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Title:Explosive initiation of tungsten based reactive materials in air
Author(s):Coverdill, Andrew R.
Advisor(s):Glumac, Nick G.; Krier, Herman
Department / Program:Mechanical Sci & Engineering
Discipline:Mechanical Engineering
Degree Granting Institution:University of Illinois at Urbana-Champaign
Subject(s):Reactive Material
Air Blast
Tungsten Oxidation
Abstract:Two facilities were designed and constructed at the University of Illinois for the purpose of evaluating the enhanced blast effect of reactive materials (RM’s) initiated by a high explosive detonation. High speed pressure, shadowgraph imaging, pyrometry and spectroscopy diagnostics were developed and used concurrently for tests conducted in these facilities. Well known thermite, intermetallic and reactive metal compounds were detonated in the smaller of the two facilities. Increased pressure and light emission were measured from these RMs as compared to tests of inert steel and no material (“bare”). Shockwave velocity was similar for all tests with an RM; bare tests had a significantly higher initial velocity due to decreased impedance from the lack of an RM in the detonation path. When Aluminum was tested, AlO emission was observed in the spectra captured, but temperature calculations from pyrometry and spectroscopy data were inconsistent between tests and relative to values in the literature. These results allowed for refinement of diagnostic techniques for subsequent tests. A series of tests was conducted in the larger facility to investigate the effect of the addition of tungsten to RM’s. Quasistatic pressure (QSP) differences were observed between inert, Al-based, and Zr based tests, but all materials containing zirconium or hafnium performed similarly. QSP was converted to energy, and values for most W-containing materials were higher than the theoretical chemical energy of the non-W components of the RM, indicating that tungsten must be contributing energy to the reaction. For Zr40-W60, observed energy release was 173% of the potential energy of the Zr present. However, WO3 was not observed by XRD in powder residues collected. Due to limitations, uncertainty and quantitative error in the XRD analysis, tungsten could have reacted without observation in the residue. Further elemental analysis of the residue with a SEM/EDS process is recommended to resolve this discrepancy.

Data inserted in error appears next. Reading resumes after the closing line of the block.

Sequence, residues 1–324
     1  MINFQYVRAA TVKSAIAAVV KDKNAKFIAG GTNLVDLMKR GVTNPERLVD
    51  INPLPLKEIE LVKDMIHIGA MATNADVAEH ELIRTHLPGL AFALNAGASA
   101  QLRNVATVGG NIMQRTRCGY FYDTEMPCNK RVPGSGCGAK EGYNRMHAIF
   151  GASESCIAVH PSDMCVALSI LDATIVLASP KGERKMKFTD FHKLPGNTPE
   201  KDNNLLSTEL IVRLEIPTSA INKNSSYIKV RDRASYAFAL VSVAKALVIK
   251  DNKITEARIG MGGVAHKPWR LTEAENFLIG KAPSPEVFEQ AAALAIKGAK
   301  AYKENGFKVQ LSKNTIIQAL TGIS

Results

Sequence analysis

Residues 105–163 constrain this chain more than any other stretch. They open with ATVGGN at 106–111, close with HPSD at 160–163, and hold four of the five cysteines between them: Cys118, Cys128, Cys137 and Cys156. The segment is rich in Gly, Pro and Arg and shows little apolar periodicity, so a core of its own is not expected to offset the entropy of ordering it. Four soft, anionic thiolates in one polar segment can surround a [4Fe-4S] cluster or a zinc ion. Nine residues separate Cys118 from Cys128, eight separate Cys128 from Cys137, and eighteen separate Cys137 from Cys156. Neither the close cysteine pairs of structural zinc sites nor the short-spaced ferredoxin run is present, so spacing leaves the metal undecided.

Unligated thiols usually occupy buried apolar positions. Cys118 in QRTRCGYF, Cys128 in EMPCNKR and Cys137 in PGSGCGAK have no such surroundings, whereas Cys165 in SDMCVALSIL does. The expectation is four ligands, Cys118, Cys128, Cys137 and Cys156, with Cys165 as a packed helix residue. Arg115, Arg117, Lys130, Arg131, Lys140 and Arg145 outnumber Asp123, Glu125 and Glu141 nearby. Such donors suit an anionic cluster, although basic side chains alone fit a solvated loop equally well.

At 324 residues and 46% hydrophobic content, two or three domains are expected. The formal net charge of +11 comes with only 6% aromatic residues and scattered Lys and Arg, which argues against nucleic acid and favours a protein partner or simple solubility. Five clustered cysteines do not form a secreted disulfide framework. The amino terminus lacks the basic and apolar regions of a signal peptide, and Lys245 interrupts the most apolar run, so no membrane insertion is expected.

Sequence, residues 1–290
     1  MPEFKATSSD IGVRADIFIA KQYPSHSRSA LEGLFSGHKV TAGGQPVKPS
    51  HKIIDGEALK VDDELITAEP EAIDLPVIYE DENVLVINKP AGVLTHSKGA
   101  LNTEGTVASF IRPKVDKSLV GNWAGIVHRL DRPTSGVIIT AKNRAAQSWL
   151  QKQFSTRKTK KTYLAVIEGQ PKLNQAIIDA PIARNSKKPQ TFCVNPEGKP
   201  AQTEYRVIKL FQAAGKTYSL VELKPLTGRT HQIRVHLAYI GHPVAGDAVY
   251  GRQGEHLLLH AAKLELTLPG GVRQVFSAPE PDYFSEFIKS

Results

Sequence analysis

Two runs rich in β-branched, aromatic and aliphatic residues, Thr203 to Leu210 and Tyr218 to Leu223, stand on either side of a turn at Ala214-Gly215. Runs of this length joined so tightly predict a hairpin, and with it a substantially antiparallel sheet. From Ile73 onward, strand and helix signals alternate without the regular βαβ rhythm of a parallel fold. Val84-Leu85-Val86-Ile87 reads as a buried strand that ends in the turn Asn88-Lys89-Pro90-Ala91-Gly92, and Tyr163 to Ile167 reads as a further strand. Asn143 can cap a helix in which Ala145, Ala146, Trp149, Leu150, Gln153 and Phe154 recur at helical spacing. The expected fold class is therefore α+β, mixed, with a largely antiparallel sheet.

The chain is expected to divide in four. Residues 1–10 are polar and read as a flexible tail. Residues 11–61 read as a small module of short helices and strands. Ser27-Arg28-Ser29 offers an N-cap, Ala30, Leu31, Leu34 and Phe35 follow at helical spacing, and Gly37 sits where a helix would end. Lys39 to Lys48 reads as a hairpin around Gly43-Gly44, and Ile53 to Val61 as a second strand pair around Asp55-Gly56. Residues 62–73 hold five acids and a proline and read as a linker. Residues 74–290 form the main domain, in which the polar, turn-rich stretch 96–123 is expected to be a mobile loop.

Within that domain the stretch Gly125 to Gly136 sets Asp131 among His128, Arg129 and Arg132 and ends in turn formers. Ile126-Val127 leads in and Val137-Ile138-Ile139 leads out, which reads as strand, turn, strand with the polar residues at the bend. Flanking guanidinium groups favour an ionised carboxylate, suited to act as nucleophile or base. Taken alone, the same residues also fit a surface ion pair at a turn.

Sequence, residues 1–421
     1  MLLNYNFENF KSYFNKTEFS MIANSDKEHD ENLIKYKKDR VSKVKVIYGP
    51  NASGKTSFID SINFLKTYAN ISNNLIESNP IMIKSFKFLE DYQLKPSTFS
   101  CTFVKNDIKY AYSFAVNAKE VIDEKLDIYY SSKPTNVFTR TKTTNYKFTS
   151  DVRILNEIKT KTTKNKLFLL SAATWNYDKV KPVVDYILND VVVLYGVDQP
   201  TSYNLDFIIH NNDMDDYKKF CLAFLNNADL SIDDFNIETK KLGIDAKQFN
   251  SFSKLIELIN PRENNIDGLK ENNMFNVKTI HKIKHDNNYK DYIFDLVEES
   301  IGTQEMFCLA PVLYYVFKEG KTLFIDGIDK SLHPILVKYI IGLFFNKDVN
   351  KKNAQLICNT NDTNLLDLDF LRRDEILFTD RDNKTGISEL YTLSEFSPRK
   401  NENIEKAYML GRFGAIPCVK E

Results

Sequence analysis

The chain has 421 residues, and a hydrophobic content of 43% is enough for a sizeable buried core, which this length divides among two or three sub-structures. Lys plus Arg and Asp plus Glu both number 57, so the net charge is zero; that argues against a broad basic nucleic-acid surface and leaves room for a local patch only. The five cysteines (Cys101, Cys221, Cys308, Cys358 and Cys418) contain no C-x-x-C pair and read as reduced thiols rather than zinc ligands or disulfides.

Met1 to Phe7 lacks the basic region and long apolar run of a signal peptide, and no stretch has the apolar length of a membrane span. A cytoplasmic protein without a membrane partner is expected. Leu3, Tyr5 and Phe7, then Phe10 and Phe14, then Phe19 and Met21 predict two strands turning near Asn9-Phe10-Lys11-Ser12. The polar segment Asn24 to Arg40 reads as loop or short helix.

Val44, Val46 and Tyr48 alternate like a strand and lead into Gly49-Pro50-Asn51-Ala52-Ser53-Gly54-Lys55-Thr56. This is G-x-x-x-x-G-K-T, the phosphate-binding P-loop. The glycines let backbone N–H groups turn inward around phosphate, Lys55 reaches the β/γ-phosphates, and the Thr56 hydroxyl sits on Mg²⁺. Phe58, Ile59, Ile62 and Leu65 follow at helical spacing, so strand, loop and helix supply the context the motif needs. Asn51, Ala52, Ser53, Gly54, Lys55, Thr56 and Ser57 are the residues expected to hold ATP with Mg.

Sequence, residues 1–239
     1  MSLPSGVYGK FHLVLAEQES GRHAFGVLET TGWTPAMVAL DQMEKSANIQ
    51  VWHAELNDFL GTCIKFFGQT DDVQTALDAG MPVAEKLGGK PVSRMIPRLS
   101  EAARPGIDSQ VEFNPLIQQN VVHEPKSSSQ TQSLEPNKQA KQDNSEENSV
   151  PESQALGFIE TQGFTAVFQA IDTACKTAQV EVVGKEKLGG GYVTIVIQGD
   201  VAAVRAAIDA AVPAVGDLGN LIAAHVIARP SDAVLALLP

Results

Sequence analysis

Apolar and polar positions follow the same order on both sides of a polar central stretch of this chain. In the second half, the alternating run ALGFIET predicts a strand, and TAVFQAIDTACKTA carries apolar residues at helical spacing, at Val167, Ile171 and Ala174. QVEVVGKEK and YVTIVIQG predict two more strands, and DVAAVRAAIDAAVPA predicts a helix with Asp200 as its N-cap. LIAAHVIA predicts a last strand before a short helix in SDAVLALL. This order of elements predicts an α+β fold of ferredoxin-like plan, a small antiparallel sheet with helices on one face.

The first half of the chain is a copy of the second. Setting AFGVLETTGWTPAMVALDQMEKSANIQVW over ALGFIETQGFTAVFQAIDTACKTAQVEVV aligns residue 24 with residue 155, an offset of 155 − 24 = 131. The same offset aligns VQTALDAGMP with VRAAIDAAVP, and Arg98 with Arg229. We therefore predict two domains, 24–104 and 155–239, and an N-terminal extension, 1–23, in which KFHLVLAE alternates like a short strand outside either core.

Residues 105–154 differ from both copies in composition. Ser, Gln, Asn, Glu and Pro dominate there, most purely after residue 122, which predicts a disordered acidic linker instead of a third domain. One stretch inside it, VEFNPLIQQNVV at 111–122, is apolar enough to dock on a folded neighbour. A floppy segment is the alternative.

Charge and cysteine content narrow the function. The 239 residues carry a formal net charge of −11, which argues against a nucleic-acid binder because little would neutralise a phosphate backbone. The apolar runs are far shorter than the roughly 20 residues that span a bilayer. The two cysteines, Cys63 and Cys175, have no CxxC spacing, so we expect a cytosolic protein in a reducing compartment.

Issue Date:2011-01-21
Rights Information:Copyright 2010 Andrew Robert Coverdill
Date Available in IDEALS:2011-01-21
Date Deposited:2010-12

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